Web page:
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In-Box Review
1700
IJN Carrier Base Bi-Planes
Hasegawa 1/700 IJN Carrier Based Bi-Planes
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by: Jim Adams [ GOLDENPONY ]

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Introduction…

During the push by nations to build aircraft carriers there was also a push by these some countries to build carrier based aircraft. Japan was in the same boat as was the US, Great Britain, France, Italy, and Germany. However Japan decided to use other to do their dirty work for them. They would buy one or two different aircraft and try them out. That is exactly how they built the two aircraft included in this kit.

The Planes…


The Type 90, also know as the Nakajima A2N, was developed from the Boeing 69 and the Boeing 100. The A2N was developed fro the Imperial Japanese Navy by the Nakajima corporation. The plane first flew in 1929 and was adopted by the Navy in April 1932. The A2N saw service with the IJN from 1936 until 1939. 100 units were produced and they saw service onboard the IJN Hosho, IJN Kaga and IJN Ryujo. There are no reports the A2N was deployed onboard the IJN Akagi.

However the A2N2 did see service onboard the two aircraft are different since the A2N2 had a 5 degree dihedral on the top wing. This was to allow it to produce great lift for take off.

The Type 13 Model 2, also know as the Mitsubishi B1M2, was developed out of the 2MT1 trainer. This plane was designed by the British designer Herbert Smith he was while working for Mitsubishi. The base model was fisrt flown in 1924 and introduced to the Navy in 1925. The long name for the type 13 is, Navy Type 13-2 Carrier Attack Aircraft. 115 of these aircraft were built for the IJN. They carried two fixed forward firing 7.7 mm machine guns and two pivoted 7.7 mm machine guns in rear cockpit. It also carried one 18 inch torpedo or two 240 kg (529 lb) bombs.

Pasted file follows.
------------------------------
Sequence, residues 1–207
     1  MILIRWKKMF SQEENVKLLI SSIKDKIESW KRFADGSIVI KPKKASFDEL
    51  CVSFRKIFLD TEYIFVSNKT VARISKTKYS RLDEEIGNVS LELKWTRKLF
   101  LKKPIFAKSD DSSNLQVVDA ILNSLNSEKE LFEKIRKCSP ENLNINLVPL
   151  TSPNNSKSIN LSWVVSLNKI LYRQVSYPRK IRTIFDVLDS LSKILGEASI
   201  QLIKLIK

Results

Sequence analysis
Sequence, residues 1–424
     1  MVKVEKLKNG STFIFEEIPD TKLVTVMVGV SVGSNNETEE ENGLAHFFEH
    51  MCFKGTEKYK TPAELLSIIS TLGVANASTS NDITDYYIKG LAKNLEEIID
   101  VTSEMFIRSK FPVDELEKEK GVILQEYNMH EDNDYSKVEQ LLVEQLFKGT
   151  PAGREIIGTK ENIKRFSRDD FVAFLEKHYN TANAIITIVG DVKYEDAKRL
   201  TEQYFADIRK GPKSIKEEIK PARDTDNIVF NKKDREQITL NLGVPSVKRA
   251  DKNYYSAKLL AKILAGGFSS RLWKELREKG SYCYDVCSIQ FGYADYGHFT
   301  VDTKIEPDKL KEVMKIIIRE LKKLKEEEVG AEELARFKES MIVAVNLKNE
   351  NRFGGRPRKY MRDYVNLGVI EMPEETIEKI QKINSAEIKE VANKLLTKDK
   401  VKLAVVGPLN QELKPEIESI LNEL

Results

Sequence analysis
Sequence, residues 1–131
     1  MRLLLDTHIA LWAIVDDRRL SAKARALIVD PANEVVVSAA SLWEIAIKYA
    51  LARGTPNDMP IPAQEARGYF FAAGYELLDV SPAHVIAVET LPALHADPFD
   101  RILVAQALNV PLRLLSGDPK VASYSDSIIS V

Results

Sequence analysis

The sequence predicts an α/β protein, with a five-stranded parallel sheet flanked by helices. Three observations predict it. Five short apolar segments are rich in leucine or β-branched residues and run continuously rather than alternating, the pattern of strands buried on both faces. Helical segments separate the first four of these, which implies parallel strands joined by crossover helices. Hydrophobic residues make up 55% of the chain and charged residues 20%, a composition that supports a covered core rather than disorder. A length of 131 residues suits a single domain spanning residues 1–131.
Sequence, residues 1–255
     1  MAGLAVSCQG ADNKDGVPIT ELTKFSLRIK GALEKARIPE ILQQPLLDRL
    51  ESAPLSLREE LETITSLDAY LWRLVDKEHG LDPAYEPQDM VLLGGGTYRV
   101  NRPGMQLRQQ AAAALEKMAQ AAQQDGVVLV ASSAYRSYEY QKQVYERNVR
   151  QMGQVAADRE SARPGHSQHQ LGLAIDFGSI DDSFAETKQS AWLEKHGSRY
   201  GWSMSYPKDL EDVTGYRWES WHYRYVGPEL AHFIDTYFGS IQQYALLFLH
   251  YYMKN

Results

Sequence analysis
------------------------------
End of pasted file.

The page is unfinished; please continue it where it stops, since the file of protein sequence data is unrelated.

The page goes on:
The Kit…


The planes come in a slim box containing 3 sprues of parts and one card of decals. There are parts for nine of each aircraft.
The A2N aircraft are assembled in 3 parts. Each aircraft also requires 6 decals. The deals are consistent with all of the references I have found.

The B1M2 aircraft are put together with 4 parts and one torpedo. These use 6 decals as well and these match available references.

The bodies and wings of both aircraft have recessed panel lines as do the separate wings. The shapes of both the bodies and wings match with available references for the standard variants of each aircraft.

Each aircraft has separate upper wings and landing gear. However they are missing propellers. The Type 90 uses a two blade prop and so does the Type 13 Mod 2. Also included are aerial torpedoes for your B1M2 aircraft.

The Great Debate…


As mentioned before there are sources that indicate the Nakajima A2N did not fly from the Akagi. Sources do show the B1M2 did fly from all Japanese carriers of the time so that is a mute point.